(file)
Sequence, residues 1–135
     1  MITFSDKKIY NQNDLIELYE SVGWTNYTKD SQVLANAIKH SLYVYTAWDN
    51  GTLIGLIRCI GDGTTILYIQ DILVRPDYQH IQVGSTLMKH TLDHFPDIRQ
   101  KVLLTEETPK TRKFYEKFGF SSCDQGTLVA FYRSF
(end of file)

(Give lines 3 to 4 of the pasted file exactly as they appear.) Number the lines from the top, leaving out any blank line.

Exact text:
    51  GTLIGLIRCI GDGTTILYIQ DILVRPDYQH IQVGSTLMKH TLDHFPDIRQ
   101  KVLLTEETPK TRKFYEKFGF SSCDQGTLVA FYRSF